Newcastle upon Tyne in Northumberland, England, United Kingdom
The Black Gate
The Black Gate
Built between 1247 and 1250 during the reign of King Henry III, the Black Gate was the last addition to the medieval Castle defences. Now a Scheduled Ancient Monument and Grade I Listed Building it was the gatehouse of the barbican, a walled, defensive entrance passage leading to the Castle's North Gate. The gatehouse could be sealed by a portcullis (latticed grille or gate made of wood, metal or a combination). Mounted in vertical grooves in the walls that are still visible today it could be raised or lowered quickly by means of chains or ropes attached to an internal winch. The narrowness of the barbican passage and its angle to the rest of the Castle wall meant that attackers were restricted in their means of attack, and were left exposed to fire from the Castle's defenders.
At the front and rear of the original gate were turning bridges. Both have since been replaced with wooden footbridges. These bridges could be closed quickly using counterweights.
Due to its continuous occupancy and alteration from the 17th century right up until the present day very little remains of the medieval layout,
Popularly thought to describe its appearance, the name 'Black Gate' derives from Patrick Black, a London merchant who occupied the building in the first half of the 17th century.
By the early 19th century the immediate neighourhood around the Black Gate had become one of the poorest of the town and the building itself was a slum tenement. In 1856 there was a proposal to demolish the building on the grounds that it was classed as a great nuisance. The Society of Antiquaries of Newcastle upon Tyne leased the Black Gate from the Corporation in 1883 to convert it into a museum. Over the next two years the Society of Antiquaries restored the gatehouse and it served as a museum until 1959. From 1972 to 1987 it was again used as the Bagpipe Museum housing the W.A. Cocks collection that was left to the Society and is now in the Chantry in Morpeth. The Society continued to occupy it until 2009, using the gatehouse as a meeting place and library.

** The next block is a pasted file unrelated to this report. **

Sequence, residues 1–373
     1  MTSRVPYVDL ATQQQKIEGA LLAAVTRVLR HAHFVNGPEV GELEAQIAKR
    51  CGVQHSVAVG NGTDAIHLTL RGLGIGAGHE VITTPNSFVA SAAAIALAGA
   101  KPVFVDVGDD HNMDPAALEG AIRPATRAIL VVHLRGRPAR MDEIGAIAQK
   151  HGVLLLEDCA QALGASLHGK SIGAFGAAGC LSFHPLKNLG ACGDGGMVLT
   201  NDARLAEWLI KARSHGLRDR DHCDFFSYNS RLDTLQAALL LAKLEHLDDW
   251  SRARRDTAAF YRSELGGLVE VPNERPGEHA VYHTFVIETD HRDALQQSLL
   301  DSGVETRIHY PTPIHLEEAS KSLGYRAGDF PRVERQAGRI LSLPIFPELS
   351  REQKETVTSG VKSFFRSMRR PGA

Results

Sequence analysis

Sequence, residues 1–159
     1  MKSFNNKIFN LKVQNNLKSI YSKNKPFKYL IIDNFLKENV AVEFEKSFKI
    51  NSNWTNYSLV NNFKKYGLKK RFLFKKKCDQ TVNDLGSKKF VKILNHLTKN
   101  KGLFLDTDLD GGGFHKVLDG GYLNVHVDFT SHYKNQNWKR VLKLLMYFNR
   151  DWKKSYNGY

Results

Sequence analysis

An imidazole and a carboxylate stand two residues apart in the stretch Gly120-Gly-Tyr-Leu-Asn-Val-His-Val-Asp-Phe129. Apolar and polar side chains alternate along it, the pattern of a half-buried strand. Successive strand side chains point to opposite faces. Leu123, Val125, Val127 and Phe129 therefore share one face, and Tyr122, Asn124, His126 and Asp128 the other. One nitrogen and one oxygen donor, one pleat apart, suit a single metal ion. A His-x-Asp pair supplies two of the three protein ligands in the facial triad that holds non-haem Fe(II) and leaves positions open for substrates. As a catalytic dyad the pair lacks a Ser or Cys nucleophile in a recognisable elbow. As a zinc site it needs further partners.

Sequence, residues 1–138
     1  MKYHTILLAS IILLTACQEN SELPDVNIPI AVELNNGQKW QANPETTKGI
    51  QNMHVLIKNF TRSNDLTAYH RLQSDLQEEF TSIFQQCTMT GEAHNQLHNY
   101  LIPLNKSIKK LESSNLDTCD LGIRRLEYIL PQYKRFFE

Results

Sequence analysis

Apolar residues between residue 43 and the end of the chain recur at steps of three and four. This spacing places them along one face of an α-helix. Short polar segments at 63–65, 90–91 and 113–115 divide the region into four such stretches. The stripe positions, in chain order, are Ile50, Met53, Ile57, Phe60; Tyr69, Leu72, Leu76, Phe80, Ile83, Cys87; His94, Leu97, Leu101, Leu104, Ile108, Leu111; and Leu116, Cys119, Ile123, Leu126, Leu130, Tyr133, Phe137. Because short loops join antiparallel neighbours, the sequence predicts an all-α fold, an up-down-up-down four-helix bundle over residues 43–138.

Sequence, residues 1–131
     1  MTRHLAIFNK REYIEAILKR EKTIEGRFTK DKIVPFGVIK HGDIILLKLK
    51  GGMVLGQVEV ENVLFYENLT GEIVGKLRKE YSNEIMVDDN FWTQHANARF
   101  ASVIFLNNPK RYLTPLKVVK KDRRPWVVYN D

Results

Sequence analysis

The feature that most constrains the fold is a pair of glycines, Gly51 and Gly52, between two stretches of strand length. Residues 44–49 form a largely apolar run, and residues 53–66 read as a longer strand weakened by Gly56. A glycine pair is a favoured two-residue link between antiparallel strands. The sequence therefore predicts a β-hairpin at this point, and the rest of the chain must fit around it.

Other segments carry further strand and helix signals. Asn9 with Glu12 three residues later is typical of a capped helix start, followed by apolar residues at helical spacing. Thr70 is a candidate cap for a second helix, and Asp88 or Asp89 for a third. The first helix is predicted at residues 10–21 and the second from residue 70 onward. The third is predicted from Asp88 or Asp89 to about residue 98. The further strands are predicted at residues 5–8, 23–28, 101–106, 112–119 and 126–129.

The Black Gate housed a portcullis and two turning bridges. These protected the main entrance to the castle in case of attack.
Around 1636 John Pickell ran a pub inside the Black Gate. You can see his name and the year 1636 high up on a wall. Can you find it?
In the early 1800s around 60 people lived here with no running water or flushing toilets!
( photo captions )
Houses, King Street, near the Black Gate, John Storey. Laing Art Gallery. Tyne & Wear Archives & Museums. John Storey shows clothes shops in old buildings near the Black Gate. The artist's note on the back of the picture records that he painted it from a sketch made in 1855 before construction of St. Nicholas Street.
The Ballad Seller, The Black Gate; Ralph Hedley. Laing Art Gallery. Tyne & Wear Archives & Museums.
Shops on the outside of the Black Gate before 1860
Shops within the Black Gate around 1879
During Restoration – 1883
Around 1890 – The Black Gate Museum
Topics. This historical marker is listed in this topic list: Forts and Castles. A significant historical year for this entry is 1247.
Location. 54° 58.157′ N, 1° 36.657′ W. Marker is in Newcastle upon Tyne, England, in Northumberland. Marker can be reached from the intersection of St. Nicholas Street and The Black Gate, on the right when traveling north. Located at Newcastle Castle. Touch for map. Marker is in this post office area: Newcastle upon Tyne, England NE1 1RQ, United Kingdom. Touch for directions.
Other nearby markers. At least 8 other markers are within walking distance of this marker. Turning Bridge (here, next to this marker); a different marker also named The Black Gate (here, next to this marker); The Barbican (a few steps from this marker); St. Nicholas Cathedral (a few steps from this marker); William Heron (a few steps from this marker); The Heron Pit (a few steps from this marker); Medieval Castle (within shouting distance of this marker); Norman Castle (within shouting distance of this marker). Touch for a list and map of all markers in Newcastle upon Tyne.
Also see . . . Newcastle Castle. (Submitted on November 23, 2018, by Michael Herrick of Southbury, Connecticut.)
Credits. This page was last revised on November 23, 2018. It was originally submitted on November 23, 2018, by Michael Herrick of Southbury, Connecticut. This page has been viewed 84 times since then and 6 times this year. Photos: 1, 2. submitted on November 23, 2018, by Michael Herrick of Southbury, Connecticut.